The US government is planning to spend hundreds of millions of dollars over the next several years to develop huge supercomputers with power beyond anything available today. The aim is to address the most challenging problems facing science, as well national security and industry.
Once completed, these systems will be capable of sustained petascale computing speeds, which are equal to quadrillions of calculations per second. To understand the scale of these planned systems, the leading machines on the current Top500 Supercomputer List are capable of reaching the range of only multiple TFLOPS (trillion floating-point operations per second). The latest Top500 list, updated twice a year, is due out tomorrow.
But PFLOPS (or "petaflop") systems are coming. Earlier this month, Seattle-based Cray Inc. said it had signed a contract worth US$200 million to deliver a PFLOPS-capable system to the U.S. Department of Energy's (DOE) Oak Ridge National Laboratory. That system, based on Advanced Micro Devices processors, will be built in phases of ever-increasing speeds, and is due to be completed in 2008.
The National Science Foundation (NSF) this month began seeking proposals for a supercomputer that could cost as much as US$200 million. And in July, the Defense Advanced Research Projects Agency (DARPA), which was responsible for creating the Internet, will award two supercomputer development projects expected to cost several hundred million dollars.
The scale of the computing power on its way will be so enormous that "we have to change the way we do computational science to really take advantage of these machines," said Dimitri Kusnezov, head of the DOE's advanced simulation and computing program, which operates the world's most powerful supercomputer, the IBM BlueGene/L. That supercomputer, with more than 131,000 IBM Power processors, was the No. 1 system on the Top 500 list when those rankings were last updated in November.
This DOE BlueGene system broke a record this month when it ran scientific code, called Qbox, at a sustained level of 207 TFLOPS. While the system benchmarks higher on test codes, achieving high levels of performance with a real-world application is a more difficult task because of complexity and size of the code, according to those involved with the project.
But Kusnezov said that when he considers the performance of future systems, including an IBM system built of 250,000 processors, their capabilities will challenge scientists.
"The question is what they would do with an infinite amount of computing speed," said Kusnezov, referring to scientists. "What would they calculate? And I'll wager that they don't have an answer for you. Because people think about their problems within the constraints of what they think they can calculate, and once you remove that constraint, people are lost."
Kusnezov said petascale computing levels will force researchers to assemble multidisciplinary teams that can task these systems with solving fundamental scientific problems. "We have to change the way we do computational science to really take advantage of these machines," he said.
DARPA has been running a multiyear program to build the next generation of computer systems, and next month, it is expected to pick two of the three vendors it has been working with -- Sun Microsystems, IBM and Cray -- for the next phase of the project. DARPA's goal is to build an "economically viable" petascale supercomputer, according to a Jan Walker, a spokesperson for the agency. DARPA is planning on four and a half years for development.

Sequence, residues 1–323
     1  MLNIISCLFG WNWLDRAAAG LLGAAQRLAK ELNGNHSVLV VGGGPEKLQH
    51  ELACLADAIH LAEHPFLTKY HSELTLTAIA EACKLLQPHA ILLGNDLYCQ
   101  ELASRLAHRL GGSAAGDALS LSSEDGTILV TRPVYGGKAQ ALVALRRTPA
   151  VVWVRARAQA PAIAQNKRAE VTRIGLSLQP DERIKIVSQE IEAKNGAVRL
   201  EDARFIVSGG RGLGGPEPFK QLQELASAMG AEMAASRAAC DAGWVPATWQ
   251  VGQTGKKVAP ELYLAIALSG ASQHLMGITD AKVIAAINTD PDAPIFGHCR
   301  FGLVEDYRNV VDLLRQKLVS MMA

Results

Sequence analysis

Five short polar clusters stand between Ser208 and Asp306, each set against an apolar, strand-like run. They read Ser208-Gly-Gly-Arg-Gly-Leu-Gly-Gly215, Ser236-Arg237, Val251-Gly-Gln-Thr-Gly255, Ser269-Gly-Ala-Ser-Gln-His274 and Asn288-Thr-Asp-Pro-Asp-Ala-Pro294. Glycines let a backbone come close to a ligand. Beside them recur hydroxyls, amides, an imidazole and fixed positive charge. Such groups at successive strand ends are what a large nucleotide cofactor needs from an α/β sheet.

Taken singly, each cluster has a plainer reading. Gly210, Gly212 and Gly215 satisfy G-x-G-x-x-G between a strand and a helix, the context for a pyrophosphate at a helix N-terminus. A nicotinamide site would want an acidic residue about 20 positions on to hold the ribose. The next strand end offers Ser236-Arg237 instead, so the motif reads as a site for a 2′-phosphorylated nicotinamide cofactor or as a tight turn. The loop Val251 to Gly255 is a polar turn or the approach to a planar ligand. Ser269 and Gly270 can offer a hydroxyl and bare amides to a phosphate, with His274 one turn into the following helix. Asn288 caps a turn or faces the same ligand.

The NSF also wants a petascale system and is seeking proposals -- due next February -- for a supercomputer that can answer fundamental questions about what kinds of abrupt transitions can occur in Earth's climate and ecosystem structure. It wants the system ready by 2011.
Stephen Meacham, IT research program director at the NSF, said the intent is to attack "frontier problems" in science, such as modeling the interaction of viruses with various components in a cell and looking for ways to block those interactions.
Although much of the focus on supercomputers is on the number of processors being strung together, more vexing problems involve their memory and storage subsystems, which "begin to take up a good chunk of the overall cost of the system," said Dave Turek, vice president of deep computing at IBM.
Energy consumption is another issue for systems that can consume power by the megawatt. Turek said the next-generation BlueGene system, BlueGene/P, will be targeted at delivering petaflop performance. But it will only require a 10 percent to 15 percent increase in power. IBM isn't disclosing other details, or a time frame, for this system.
Turek said that the most important goal is building low-cost, high-performance systems that a businesses can use. Indeed, there are efforts to encourage businesses to incorporate supercomputing systems as part of their IT infrastructure for use in product design.
To help further such use, legislation was introduced in the US Senate this month to set aside US$25 million to fund up to five supercomputing centers for assisting businesses and manufacturers. The bill is sponsored by Sen. Mike DeWine (R-Ohio) and Sen. Herb Kohl (D-Wisc.).
The legislation, called the Blue Collar Computing and Business Assistance Act of 2006, gets its name in part from the Ohio Supercomputing Center (OSC) in Columbus, whose Blue Collar Computing initiative is intended to promote the mainstreaming of supercomputing in IT.
Stan Ahalt, the OSC's executive director, said one of the things these centers could do is help adapt serial code to parallel systems, as well as take some of the code used in national labs and make them "so they can be used for industrial purposes."
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